Just like with many other accounting processes, software is available for business owners who want to file their taxes in house. Despite this, due to the complex and lengthy nature of filing taxes, many small business owners and sole entrepreneurs offload these tasks to accountants if they can afford to do so.
SIMPLIFY THE PROCESS WITH ACCOUNTING SOFTWARE
As we’ve alluded to throughout this article, accounting software can be an indispensable tool for business owners looking to balance their books. Not only can it save you time by centralising key processes, but it can also sync all of your financial data to one unified system. This prevents you from switching between different platforms when managing your accounts.
Moreover, software solutions make it easier to create professional-looking financial documents from the comfort of your office or home. This allows you to carry out your procedures independently while eliminating the need to use more costly accountancy services.
When browsing the market for accounting software, you should try to find programs that will be able to seamlessly integrate into your existing systems. An easy way to do this is by opting for cloud-based systems like Xero, QuickBooks and Zoho Books.
SAFEGUARD YOUR FINANCES WITH KRIYA
Managing your accounts doesn’t need to be a headache. By reaching out to professionals or by harnessing smart software, you can keep one step ahead of your finances with minimal stress.
Whether you’re looking to hire the help of a professional or keep your accounting in-house, Kriya may help you cover the costs of accounting. We offer a number of flexible funding solutions that have been designed to make financing as simple and fuss-free as possible. From embedded finance to invoice financing, our cash flow solutions help you to remove cash flow barriers so you can focus on the future of your business.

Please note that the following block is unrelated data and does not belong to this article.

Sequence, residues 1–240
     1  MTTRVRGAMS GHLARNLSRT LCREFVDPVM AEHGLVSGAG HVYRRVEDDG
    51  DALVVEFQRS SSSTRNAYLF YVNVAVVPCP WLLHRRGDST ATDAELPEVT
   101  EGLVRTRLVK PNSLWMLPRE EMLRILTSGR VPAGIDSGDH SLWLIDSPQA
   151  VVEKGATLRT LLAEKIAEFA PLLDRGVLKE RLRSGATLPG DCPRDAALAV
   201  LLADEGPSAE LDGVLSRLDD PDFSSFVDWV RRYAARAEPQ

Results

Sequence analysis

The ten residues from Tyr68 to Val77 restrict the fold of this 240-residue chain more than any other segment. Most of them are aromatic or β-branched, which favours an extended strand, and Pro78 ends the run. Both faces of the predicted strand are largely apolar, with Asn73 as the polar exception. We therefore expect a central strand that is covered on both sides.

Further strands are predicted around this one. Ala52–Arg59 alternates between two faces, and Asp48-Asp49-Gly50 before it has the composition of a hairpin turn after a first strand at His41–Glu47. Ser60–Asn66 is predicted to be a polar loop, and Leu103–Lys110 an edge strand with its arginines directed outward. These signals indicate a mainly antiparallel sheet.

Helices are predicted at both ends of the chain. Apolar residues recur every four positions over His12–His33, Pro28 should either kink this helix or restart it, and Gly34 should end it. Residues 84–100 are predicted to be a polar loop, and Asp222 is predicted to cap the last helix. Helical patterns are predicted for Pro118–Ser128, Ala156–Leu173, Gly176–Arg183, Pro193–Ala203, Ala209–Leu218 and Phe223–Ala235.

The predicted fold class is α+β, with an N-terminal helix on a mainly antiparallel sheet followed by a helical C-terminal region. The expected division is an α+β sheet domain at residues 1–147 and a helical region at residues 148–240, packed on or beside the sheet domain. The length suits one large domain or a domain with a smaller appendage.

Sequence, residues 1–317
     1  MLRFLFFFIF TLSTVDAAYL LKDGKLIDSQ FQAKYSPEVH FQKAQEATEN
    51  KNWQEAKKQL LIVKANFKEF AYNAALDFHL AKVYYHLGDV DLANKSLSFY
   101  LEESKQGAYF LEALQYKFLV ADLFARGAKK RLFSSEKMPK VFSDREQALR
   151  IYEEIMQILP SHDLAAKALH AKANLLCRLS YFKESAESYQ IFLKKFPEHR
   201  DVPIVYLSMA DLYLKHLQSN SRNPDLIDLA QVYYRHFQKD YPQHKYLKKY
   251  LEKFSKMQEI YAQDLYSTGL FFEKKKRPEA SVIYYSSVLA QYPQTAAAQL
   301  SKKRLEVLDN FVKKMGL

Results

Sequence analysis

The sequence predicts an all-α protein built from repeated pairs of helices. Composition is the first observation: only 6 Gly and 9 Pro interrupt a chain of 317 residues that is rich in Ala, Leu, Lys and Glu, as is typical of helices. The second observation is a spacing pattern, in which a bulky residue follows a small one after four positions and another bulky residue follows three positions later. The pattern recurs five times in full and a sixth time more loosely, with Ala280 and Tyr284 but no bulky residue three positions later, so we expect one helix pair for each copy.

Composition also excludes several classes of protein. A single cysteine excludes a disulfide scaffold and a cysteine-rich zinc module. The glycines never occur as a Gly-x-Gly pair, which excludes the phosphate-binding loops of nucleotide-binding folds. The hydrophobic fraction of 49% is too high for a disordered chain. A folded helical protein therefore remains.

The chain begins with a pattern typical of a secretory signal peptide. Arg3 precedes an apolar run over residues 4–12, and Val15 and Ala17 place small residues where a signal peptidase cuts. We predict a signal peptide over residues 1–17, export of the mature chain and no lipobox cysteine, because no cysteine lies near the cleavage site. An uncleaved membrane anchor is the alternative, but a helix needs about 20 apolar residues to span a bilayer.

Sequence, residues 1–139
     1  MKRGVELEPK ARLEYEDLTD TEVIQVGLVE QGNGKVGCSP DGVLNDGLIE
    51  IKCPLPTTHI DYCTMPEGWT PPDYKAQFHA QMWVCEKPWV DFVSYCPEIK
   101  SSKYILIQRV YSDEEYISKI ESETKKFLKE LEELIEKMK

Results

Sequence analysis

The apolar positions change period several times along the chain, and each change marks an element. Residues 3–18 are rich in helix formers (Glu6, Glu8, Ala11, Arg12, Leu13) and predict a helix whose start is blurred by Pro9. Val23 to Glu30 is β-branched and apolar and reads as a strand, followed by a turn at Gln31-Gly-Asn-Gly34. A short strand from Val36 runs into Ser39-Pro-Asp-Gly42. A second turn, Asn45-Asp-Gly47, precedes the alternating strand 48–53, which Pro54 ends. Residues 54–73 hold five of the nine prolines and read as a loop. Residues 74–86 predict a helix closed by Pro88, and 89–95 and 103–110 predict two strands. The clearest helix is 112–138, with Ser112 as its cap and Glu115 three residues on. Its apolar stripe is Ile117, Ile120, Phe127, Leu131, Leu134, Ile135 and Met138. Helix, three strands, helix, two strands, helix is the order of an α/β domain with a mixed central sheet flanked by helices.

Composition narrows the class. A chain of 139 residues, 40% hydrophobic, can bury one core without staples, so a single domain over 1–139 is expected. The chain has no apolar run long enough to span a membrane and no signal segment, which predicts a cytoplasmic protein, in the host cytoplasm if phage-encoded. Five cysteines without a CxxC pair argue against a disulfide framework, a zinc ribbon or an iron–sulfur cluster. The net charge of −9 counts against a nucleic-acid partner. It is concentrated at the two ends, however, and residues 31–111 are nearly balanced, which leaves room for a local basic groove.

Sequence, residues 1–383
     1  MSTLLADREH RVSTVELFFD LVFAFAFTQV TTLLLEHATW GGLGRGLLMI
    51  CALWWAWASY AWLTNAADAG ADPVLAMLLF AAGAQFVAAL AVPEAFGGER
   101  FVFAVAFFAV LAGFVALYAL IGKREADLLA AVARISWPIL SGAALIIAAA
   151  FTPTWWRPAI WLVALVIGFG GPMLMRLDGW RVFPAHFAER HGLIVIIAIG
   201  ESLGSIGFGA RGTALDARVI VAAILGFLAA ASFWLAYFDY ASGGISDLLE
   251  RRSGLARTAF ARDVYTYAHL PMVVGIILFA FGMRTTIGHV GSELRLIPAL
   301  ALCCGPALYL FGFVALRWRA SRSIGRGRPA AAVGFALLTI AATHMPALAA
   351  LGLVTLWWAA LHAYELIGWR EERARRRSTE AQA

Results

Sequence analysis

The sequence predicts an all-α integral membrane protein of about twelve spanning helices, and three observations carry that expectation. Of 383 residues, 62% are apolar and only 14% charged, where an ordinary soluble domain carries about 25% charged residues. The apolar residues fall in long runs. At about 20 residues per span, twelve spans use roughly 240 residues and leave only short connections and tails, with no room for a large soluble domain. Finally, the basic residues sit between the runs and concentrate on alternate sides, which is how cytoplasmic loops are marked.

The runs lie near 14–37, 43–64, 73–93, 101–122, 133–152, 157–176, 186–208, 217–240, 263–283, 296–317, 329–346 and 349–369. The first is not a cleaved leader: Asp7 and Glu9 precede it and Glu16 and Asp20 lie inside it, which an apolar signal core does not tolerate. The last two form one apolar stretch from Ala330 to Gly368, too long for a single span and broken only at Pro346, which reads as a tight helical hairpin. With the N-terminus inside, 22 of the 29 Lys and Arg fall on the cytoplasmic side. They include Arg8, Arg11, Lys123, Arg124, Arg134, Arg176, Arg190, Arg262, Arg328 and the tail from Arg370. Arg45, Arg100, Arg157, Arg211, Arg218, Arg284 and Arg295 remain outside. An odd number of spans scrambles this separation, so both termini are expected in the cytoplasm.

To learn more about our diverse offerings, visit Kriya.
FREQUENTLY ASKED QUESTIONS (FAQS)
What is small business accounting? In simple terms, small business accounting allows you to identify, record and measure important financial information. It’s a vital process for every small-to-medium-sized enterprise (SME) because it helps you to organise your finances, track your profits and loss, and prepare for annual tax returns.
What is small business bookkeeping? Bookkeeping is the daily practice of recording and categorising business transactions. By using bookkeeping to closely monitor your expenses, you can identify what you’re spending money on before you encounter any cash flow difficulties. Small business bookkeeping systems typically involve maintaining a general ledger, staying on top of accounts and managing bank reconciliations.
Can I do my own small business accounting? If you’re reluctant to manage your accounts through a third party accountancy service, don’t worry. It’s definitely possible to do your own accounting in-house. By harnessing up-to-date software, relying on useful resources and educating yourself about the practice, you can easily manage your businesses accounts yourself.
What is the difference between cash and accrual basis accounting? Cash basis accounting only allows businesses to record their incomings and outgoings when money is exchanged. This means that invoices or bills aren’t recorded until the process has been finalised. On the contrary, accrual accounting is when businesses record their income as soon as an invoice is raised or a sale is made. This method doesn’t take into account when cash changes hands.
What key financial statements do small businesses need to produce? Financial statements contain information about a company's financial performance over a given time. Depending on your SME's situation, the four most common financial statements used in accounting are balance sheets, income statements, cash flow statements and equity statements.
What are the benefits of accounting software? Accounting software can be an indispensable tool for small business owners. It can save you time by centralising key processes, sync all of your financial data to one unified system and make it easier to create professional-looking financial documents from the comfort of your office or home. This allows you to carry out your procedures independently while eliminating the need to use more costly accountancy services.